Learning violin vibrato, or vibrato for any other stringed instrument is a BIG step. Many students are often very excited and eager to learn what some people refer as the 'finger shake'. Vibrato takes an intermediate player and makes them sound very advanced. Vibrato adds fullness, rich color, and variety to your playing, but it is also very difficult to learn and slow to master.

(Vibrato is not simply shaking your finger, it is much much more than that!)

So, you think you're ready for Vibrato....only if you can answer YES to the following questions!

1. Have you fully learned first position?
2. Do you have a decent understanding of third position?
3. Is your violin fingerboard free of tape and other fingering markings?
4. Can you shift with ease between first and third position?
5. Does your left wrist and arm have good form?
6. Do you play notes up on the fleshy part of your finger without collapsing (flattening) them?
7. Do you have good intonation.

If you can answer YES to ALL of the above questions then you are ready to learn Vibrato. If you answer NO to any of these questions, take time to perfect that area and wait until you are completely ready. Vibrato is one area you do not want to rush into. I have seen far too many students who are too anxious to learn vibrato and start learning it on their own before they are ready. Bad vibrato habits are so hard to break.

Learning Violin Vibrato

Violin Vibrato Step 1. Make sure your left hand, wrist, and arm are completely relaxed. Practice this by slowly moving your hand and arm all the way up the violin neck towards the body of the violin and back down towards the scroll. This exercise can be practiced two ways; 1. Keep a finger on the string but not pushing the string down. 2. Relax hand slightly above the string with no finger contact.

Add the bow while you keep moving your arm up and down. Your violin vibrato will sound like a sick cow or a fire engine siren. That is how it should sound right now.

This is a big broad movement. Students should use a couple minutes of practice time every day to complete this exercise. Continue this regiment for a couple of weeks before adding any other vibrato technique.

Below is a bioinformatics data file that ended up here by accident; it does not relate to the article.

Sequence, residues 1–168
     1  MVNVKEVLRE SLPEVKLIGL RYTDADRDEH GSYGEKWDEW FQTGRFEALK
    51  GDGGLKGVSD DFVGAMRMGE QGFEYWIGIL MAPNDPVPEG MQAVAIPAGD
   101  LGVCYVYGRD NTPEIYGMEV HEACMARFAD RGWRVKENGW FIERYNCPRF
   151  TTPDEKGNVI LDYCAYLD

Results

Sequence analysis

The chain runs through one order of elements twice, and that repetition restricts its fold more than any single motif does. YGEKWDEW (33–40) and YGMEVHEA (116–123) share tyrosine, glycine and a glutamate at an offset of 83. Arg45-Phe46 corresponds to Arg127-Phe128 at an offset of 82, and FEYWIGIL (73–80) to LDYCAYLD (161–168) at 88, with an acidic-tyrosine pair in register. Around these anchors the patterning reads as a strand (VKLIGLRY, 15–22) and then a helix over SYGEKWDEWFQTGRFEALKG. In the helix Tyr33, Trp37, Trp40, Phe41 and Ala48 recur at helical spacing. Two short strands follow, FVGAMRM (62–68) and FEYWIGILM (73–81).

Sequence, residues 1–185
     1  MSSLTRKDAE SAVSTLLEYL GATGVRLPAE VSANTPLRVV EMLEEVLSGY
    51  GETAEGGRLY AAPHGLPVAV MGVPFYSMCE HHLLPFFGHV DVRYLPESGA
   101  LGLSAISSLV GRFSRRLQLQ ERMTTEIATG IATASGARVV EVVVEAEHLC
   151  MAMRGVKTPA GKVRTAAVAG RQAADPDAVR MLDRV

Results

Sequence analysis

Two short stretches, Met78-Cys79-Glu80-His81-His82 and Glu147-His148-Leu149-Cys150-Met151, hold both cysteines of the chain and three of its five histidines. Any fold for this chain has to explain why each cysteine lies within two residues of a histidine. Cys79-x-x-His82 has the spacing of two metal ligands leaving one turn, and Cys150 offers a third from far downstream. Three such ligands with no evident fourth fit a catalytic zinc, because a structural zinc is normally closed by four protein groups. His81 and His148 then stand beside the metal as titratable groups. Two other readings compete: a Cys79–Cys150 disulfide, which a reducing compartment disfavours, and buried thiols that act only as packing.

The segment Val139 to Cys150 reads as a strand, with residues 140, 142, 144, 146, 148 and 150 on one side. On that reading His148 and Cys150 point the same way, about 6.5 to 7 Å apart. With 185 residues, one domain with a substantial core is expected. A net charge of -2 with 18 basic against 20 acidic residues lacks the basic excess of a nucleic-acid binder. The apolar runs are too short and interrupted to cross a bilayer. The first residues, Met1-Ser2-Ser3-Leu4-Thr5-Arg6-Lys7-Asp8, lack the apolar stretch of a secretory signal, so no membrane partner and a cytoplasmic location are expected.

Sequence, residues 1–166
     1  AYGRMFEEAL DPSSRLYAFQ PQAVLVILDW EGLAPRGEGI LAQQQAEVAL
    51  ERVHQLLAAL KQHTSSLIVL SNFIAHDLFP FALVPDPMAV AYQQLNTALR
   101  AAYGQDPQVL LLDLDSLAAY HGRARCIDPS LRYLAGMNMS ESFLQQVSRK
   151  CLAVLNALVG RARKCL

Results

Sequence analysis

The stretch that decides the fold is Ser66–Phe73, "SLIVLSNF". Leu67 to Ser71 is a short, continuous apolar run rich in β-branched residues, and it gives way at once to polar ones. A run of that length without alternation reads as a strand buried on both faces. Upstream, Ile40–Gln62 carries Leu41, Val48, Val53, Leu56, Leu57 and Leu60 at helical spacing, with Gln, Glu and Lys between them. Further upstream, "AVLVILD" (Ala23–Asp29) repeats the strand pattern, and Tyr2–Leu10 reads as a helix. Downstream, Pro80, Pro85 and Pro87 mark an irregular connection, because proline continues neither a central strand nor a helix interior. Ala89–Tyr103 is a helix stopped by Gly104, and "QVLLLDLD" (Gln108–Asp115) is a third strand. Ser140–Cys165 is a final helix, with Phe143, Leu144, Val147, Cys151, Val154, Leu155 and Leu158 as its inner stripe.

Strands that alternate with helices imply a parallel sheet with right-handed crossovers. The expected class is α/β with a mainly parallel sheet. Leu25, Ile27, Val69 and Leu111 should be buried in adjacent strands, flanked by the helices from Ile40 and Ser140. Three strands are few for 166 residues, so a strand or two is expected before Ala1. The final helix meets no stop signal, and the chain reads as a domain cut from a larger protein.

Violin Vibrato Step 2. Put second finger on the string and using your wrist join make a broad, slow, relaxed movements back and forth with hand. Keep the arm stable. Make sure your hand only moves backwards (towards the scroll) and returns to original position. This exercise should be completed daily without the bow. Practice using all four fingers and all four strings. Typically the 2nd and 3rd fingers are the easiest and the 1st and the 4th more difficult.

REMEMBER...vibrato movement never never move forward on the violin. Do not let your finger roll past the original point of the note, this is for intonation purposes.

TIP...to make sure your wrist and arm stay in good position have someone gently hold your wrist/arm in place. Your wrist should not be collapsing towards the neck of the violin, it should remain stable during this exercise, and inline with your arm. This will take time to learn and conquer.

VISUALIZE....If you are having difficulty, try to visualize a string is attached to the knuckles on the back of your left hand, and pulling straight towards your scroll.

Violin Vibrato Step 3. Using Step 2 add the bow using long slow counts and changing bow smoothly. You're violin will sound little like vibrato and a lot like the theme-music for the movie Jaws. Keep up the good work, and take it slowly. You'll get it soon. These exercises can be physically and mentally exhausting. Just do a couple of minutes daily, and DO NOT put vibrato in your regular practice time just yet. That will come in Step 4!

Violin Vibrato Step 4. Find an easy slow song. Add your vibrato technique from step 3 to the long and slow notes.

Violin Vibrato Step 5. Understanding different styles of vibrato is VERY important. Not all players use the exact same style, that's what keeps it fun and interesting. There are three styles of vibrato.

1. Wrist vibrato - Using the wrist only, this vibrato is usually fast, but more shallow. It allows a player to have intense sound, and is also great when playing a faster more lively song. This vibrato adds color and flair. Players who use this method perfect Steps 2 & 3, making their movement faster and more precise. See example below of Itzhak Perlman using wrist vibrato.

2. Arm vibrato - Using the arm only, this vibrato is slower and broader. To achieve this method, players use the arm movement practiced in Step 1, keeping their finger stabilized and in place. This vibrato is perfect for slow, sad, heart wrenching pieces. This vibrato adds depth and emotion. See example below of Joshua Bell using arm vibrato.

3. A combination of Arm and Wrist. Most players actually at some point will use a combination of both. Advanced violinist adapt, evolve, and become very efficient at using both their arm and their wrist to achieve optimal vibrato. If you study professional violinist you will notice that depending on the piece, the emotion, and the intensity involved you will see a little bit of both. Even in the examples given above, you will notice moments with both Joshua Bell and Itzhak Perlman using their wrist and their arm simultaneously or alternating between the two.

Vibrato Step 6. Don't give up. If you are having a hard time, go back to the basics and start slow again. Keep vibrato relaxed. Do not try to achieve the intense vibrato of the professionals until you have relaxed controlled movements. This will result in the undesirable bad 'shaking vibrato'. Slowly add speed to your vibrato and with time you will have a rich vibrato that will add color and depth to your playing!

A private teacher is always an advantage. When it comes to learning vibrato, this is especially true. Seek the help and advice of your private instructor or orchestra teacher when learning this technique.